As parents, our days are consumed with infinite demands and endless
responsibilities, all of which can leave your body and mind exhausted and
your thoughts directed toward a well-deserved vacation. Despite the
craziness of the day-to-day hustle and bustle, take a moment to think, ‘what
was the last thing I said to my child before bed tonight’?
I hope that as all kids doze into dreamland, they receive a hug and
kiss to last them through the night. I am satisfied knowing that my children
have these needs met each night, followed by an “I love you”, but as I read
somewhere when my children were very young, I also am sure to say, “I am
proud of you”.
Some sleepy nights when my inevitable, “Cinderella-time” looms, (and
I don’t mean going to a ball), these simple phrases may be all I say. Other
nights, I try to define my adoration, “I love you when you draw me pictures”, “I
love when you are honest and when you try hard at tying your shoes”. “I am
proud of you for being such a good friend”. “I am so proud of how well you
write your name, or play baseball, or how well you ate your dinner”. It really
doesn’t matter what you are proud of or why you love your child; we know the
reasons are endless, but it is the act of saying it that supports your feelings.
“Wait”, you might say. Did me waking before dawn to make lunches,
pack backpacks, lay out clothes, prepare breakfast, check homework, sign
permission slips, fold laundry (and if lucky, start a load before work so the
ballet outfit or t-ball uniform is clean for after school practice), not show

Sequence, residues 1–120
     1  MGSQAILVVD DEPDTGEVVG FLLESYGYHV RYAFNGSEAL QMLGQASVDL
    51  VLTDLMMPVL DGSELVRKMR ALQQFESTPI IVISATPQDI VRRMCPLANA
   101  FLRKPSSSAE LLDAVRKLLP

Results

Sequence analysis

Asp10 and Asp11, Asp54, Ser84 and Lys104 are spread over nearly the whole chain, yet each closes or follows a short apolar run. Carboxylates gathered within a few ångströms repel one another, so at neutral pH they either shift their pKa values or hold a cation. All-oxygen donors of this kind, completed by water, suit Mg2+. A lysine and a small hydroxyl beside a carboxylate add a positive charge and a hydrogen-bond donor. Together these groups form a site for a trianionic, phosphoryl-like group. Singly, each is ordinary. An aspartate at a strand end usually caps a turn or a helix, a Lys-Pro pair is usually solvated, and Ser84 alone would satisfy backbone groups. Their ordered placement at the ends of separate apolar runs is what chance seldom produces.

that I care?
I actually applaud the parent whose children are secure enough in
their little lives, to come to expect these actions because I believe all of
these everyday, “small acts of kindness” in the parent’s handbook do get
noticed and are appreciated, (when they are not being taken for granted).
As a teacher, I see the child who is visibly worried that their parent will not
remember to send in that healthy snack, permission slip or have the costume
that they need. It saddens me to see this additional stress at such a young
But here’s good news is; this selfishness is very age-appropriate.
Even the most confident, intelligent and sociable child is also sensitive and
impressionable and eager to please. The reality is that our kids have long,
very active days and hearing that they are appreciated at the end of the
day sends them off to their sweet dreams with the acceptance and love that
let’s face it, we all crave. Kids are bound to mimic the behavior they see; if
you show love and appreciation, that is what they will learn to convey to
As class sizes are bound to increase, family-time is limited and
bullying behavior continues, you can make sure that your child feels secure, accepted, and
appreciated as their day ends and they mentally prepare for tomorrow.
Hopefully by you modeling open-communication, you will not only receive the
recognition that we all crave, but you might also be lucky enough to sample
the good parts of your child’s day and maybe more importantly, what may
have gone wrong.
Tara Hudson received her Bachelor’s Degree in Elementary and Special Education at The University of Delaware and her Master’s Degree in Education at Stonybrook University. Tara has taught for ten years in the Westhampton Beach School District. Currently in her sixth year as a kindergarten teacher, her passion is working with children each day and watching them grow socially and academically. Tara has done freelance work for The Patch and her writing has also appeared in The Waldo Tribune and Macaroni Kid. Tara lives on Long Island with her husband, children and dog. In her spare time, she enjoys spending time with her family, reading, exercising and being outdoors.